Tuesday, July 30, 2013

Is Zwerner's 200% Penalty Excessive?

Let me ask you a hypothetical question.

Say you made a million dollars in 2013. Even in a worst-case, salt-the-fields scenario, what would be the most the government could take from you in taxes? 

I am thinking a million dollars. 

His facts are not attractive. There is a saying that “bad facts make bad law.” We have both in this case. 

His name is Carl Zwerner, is 86 years old and lives in the Miami area. For years 2004 through 2007, Zwerner maintained an account at ABN AMRO Bank in Switzerland. It is not (yet) illegal for an American to have a foreign bank account, but it is illegal not to report it. 

Somewhere in 2008 he had a change of heart. He filed a delinquent FBAR and amended his 2007 tax return to include the earnings from the account. In 2009 he decided to come clean on years 2004, 2005 and 2006 also.

There was a twist: Zwerner did not hold the bank account in his own name. The account was in the name of the “Bond Foundation” for a while, then in the name the “Livella Foundation.” At all times, though, Zwerner had control and was the beneficial owner of the funds. Those account names were just speed bumps.

Then he does the unbelievable. In a letter dated August 2010, he admitted to the IRS that he was aware that he should have reported both the existence of the account and the earnings from it.

Why, Carl, oh why?

The IRS, in yet another example of why people hate the IRS, decided that he “willfully” evaded his taxes, used regular gasoline in a high-octane-only car and failed to hold the door for an elderly woman at the grocery store. The IRS determined that the balances at the Swiss account were as follows over the years:

This did not take Sherlock-type powers by the IRS, by the way, as Zwerner had already reported the account.

The IRS then remembered that the penalty for willful failure to file an FBAR is 50% of the highest balance for each year.

NOTE: Did you pick-up on what the fifth-amendment-pleading crowd has done here? Two years worth of penalties and the account is depleted – essentially seized by the government. 

Well, Zwerner was facing 4 years. His penalty was almost $3.5 million, whereas his account had never exceeded $1.7 million.

Good thing he voluntarily filed amended returns! What would they have done to him had he not come clean?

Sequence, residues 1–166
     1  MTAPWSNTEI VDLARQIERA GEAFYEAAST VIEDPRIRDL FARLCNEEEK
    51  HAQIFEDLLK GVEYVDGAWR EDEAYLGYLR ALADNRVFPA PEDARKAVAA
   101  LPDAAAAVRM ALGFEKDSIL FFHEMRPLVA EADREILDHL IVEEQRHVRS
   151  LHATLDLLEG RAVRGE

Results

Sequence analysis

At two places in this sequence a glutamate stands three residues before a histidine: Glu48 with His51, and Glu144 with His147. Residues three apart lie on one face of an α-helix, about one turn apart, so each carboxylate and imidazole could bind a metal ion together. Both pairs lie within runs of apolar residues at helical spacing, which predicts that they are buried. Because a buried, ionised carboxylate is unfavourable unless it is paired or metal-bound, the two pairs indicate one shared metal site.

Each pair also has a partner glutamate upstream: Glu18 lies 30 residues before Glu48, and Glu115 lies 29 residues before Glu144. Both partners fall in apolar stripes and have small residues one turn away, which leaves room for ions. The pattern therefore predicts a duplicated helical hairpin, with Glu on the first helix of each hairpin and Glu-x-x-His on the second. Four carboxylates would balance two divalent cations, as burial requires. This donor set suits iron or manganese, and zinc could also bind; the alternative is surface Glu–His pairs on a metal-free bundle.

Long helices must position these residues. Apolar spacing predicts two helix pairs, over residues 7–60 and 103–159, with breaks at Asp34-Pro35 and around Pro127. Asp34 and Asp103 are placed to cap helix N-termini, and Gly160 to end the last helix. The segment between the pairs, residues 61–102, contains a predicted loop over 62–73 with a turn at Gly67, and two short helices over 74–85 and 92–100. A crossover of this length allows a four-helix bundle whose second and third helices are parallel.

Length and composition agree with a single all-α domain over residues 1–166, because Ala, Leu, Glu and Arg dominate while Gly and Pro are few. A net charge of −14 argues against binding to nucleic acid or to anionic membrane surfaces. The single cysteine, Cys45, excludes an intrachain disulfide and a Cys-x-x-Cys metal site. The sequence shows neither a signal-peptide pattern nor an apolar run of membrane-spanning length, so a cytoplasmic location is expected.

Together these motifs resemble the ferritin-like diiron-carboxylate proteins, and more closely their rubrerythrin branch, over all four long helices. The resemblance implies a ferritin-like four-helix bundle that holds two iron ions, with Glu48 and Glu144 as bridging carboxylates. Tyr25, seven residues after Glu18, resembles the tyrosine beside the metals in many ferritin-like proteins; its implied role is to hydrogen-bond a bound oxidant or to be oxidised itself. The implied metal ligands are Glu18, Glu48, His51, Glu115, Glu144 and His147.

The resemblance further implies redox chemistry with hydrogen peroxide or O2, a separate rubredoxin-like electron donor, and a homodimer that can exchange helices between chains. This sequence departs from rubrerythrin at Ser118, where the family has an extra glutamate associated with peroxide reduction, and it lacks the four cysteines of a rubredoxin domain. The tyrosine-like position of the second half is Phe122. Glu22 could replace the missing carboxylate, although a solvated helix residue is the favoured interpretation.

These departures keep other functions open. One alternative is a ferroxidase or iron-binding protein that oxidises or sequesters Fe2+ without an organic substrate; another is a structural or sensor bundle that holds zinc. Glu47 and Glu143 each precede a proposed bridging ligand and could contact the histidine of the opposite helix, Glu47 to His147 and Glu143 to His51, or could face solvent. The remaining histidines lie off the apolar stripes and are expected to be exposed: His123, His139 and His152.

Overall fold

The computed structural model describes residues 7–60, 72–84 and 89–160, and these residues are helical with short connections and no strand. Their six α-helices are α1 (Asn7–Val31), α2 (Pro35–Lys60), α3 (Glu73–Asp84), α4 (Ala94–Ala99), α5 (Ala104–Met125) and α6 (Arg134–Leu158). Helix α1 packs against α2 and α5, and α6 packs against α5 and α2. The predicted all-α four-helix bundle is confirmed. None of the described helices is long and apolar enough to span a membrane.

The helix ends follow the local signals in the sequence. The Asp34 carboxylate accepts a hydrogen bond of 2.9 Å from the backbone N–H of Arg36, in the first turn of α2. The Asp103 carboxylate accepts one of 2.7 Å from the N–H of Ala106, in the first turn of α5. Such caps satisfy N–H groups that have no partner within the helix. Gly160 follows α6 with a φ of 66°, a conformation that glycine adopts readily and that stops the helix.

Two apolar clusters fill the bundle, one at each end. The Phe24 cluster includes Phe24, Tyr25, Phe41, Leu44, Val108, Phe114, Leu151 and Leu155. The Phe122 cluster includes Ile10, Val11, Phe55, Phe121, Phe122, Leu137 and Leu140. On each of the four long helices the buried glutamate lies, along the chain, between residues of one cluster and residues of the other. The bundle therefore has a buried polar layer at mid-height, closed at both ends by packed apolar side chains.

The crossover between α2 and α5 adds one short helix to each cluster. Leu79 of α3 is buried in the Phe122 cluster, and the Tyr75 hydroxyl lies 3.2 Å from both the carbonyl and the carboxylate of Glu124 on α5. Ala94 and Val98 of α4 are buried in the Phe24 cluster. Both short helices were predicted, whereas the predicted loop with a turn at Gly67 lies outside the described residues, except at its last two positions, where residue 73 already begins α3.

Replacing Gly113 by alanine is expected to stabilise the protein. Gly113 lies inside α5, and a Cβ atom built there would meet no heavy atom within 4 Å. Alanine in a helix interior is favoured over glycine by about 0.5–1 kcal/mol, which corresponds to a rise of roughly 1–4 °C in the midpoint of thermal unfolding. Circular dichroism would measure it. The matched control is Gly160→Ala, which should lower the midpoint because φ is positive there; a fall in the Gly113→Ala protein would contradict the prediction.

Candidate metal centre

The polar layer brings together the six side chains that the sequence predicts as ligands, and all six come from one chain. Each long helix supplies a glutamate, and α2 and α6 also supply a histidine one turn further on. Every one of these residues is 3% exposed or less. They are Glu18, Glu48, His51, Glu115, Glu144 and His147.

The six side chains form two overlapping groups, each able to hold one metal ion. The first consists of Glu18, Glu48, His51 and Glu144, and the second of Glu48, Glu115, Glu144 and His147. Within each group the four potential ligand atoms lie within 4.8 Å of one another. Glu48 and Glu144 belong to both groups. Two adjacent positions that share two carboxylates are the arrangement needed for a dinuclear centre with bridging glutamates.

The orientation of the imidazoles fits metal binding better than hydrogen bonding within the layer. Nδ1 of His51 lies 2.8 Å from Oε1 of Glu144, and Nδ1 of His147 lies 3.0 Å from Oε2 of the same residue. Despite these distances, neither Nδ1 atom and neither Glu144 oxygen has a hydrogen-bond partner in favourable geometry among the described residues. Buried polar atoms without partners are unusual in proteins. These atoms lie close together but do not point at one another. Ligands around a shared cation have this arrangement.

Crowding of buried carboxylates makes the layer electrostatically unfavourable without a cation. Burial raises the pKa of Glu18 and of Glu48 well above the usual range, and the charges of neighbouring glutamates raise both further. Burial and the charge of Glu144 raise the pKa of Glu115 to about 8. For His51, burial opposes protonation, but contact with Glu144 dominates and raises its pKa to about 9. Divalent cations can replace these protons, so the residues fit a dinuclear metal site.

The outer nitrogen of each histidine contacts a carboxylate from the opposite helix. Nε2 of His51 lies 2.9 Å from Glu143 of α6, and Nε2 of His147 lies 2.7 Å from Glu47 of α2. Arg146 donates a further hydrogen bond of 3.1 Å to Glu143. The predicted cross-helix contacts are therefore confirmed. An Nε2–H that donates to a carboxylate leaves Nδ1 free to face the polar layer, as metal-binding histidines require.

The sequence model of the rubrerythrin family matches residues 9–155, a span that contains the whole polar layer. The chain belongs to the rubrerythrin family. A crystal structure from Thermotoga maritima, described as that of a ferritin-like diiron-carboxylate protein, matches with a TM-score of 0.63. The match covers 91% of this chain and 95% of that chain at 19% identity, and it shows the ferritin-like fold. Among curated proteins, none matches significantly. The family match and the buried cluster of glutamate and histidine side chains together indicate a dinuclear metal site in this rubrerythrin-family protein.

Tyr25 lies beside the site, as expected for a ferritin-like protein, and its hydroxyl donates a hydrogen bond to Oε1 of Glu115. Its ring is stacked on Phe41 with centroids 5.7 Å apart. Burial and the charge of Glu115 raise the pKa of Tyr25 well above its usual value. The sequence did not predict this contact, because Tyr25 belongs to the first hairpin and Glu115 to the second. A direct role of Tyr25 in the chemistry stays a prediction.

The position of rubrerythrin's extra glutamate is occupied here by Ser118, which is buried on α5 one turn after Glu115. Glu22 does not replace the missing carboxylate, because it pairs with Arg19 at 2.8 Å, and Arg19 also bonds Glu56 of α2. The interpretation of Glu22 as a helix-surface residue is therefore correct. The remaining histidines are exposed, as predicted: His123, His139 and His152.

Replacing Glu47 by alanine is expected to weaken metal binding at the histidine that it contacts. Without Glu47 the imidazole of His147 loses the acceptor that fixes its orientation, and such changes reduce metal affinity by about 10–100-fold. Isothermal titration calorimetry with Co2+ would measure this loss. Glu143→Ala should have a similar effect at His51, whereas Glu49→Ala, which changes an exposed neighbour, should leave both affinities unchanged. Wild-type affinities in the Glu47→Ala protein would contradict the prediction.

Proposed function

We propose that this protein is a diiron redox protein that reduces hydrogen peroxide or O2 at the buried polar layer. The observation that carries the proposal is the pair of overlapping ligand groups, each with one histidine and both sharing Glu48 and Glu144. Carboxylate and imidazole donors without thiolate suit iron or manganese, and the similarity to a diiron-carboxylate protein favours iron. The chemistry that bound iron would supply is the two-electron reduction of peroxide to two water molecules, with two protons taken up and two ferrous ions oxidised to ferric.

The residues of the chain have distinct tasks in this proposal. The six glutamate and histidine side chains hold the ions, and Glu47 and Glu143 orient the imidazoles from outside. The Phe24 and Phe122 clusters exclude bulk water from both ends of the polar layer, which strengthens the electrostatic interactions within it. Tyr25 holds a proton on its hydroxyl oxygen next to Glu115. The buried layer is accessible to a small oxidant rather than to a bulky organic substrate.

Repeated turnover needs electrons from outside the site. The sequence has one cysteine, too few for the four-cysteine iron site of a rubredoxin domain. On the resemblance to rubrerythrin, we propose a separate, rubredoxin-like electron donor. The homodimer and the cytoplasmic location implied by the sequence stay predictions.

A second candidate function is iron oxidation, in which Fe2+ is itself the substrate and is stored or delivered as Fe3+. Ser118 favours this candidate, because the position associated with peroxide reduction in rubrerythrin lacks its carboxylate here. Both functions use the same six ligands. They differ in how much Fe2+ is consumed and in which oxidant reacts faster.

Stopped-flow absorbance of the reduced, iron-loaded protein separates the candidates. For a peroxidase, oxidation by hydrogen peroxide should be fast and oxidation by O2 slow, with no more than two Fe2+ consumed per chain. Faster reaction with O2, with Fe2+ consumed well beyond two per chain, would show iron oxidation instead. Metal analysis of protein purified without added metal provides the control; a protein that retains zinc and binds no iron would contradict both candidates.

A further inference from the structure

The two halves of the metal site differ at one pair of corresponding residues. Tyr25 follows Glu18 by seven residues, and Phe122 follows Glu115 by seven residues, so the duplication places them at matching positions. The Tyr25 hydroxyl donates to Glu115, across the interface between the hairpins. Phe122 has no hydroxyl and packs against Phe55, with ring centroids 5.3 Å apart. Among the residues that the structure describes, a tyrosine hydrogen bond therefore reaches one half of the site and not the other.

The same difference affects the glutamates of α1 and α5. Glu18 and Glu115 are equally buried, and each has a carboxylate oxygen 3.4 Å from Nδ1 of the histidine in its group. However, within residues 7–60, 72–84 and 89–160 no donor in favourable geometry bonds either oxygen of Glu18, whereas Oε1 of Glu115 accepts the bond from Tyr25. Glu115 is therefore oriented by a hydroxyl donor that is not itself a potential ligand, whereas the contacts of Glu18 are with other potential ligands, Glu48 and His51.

In the area of foreign accounts, Treasury and the IRS have decided that we are all guilty, and that the only way to salvation is through their disclosure program du jour. The fact that these programs may not be a fit for many (or most, in my opinion) is beside the point. Many tax practitioners, me included, have represented clients with foreign non-reporting issues. My clients have been “ordinary” – an expat who started a business in Scotland, another who had no idea what an “FBAR” was, much less that she had to file tax returns even though she had lived out of the U.S. for two decades. These are not tax desperados, and to lump them in with IRS programs designed to avoid criminal prosecution is bonkers.

And there is the rub. The IRS took Zwerner’s letter as an admission of “willfulness,” meaning that he is charged with tax fraud. This is a criminal charge, and Zwerner should have entered the Offshore Voluntary Disclosure Program if he wanted protection from criminal charges. The IRS would say this is not the same as my Aberdeen restaurateur. I in turn would ask the IRS: why don’t you have a program for people like my restaurateur? Do you think I enjoyed that phone call with an expat who is afraid to return to the United States to visit her mother? Why are you terrorizing ordinary people? We could probably put all the people with significant money hidden overseas into one hotel conference room. Why is it that attorneys and tax CPAs in 50 states have horror stories to tell? There cannot be that many overseas-money-hiding uber-wealthies to go around.

Zwerner amended his returns. He did not enter the disclosure program. The IRS calls this a “quiet disclosure,” and they do not like it. They assessed 200% penalties.

What choice did the IRS leave him? He filed a lawsuit against the government.  He has an interesting argument, as the Eighth Amendment prohibits “excessive fines.” 

What do you think? Is a penalty of more than 100% an “excessive fine?”

There is precedent. There is a 1998 case where someone tried to take $357 thousand overseas and got caught with the money in his luggage. The U.S. sought forfeiture of the entire amount. The Supreme Court ruled against the government, stating that forfeiture of all the money was “grossly disproportional to the gravity of the offense.” The Supreme Court ordered him to pay $20,000 instead.

We’ll be paying attention to Zwerner’s case as it goes through the courts.

No comments:

Post a Comment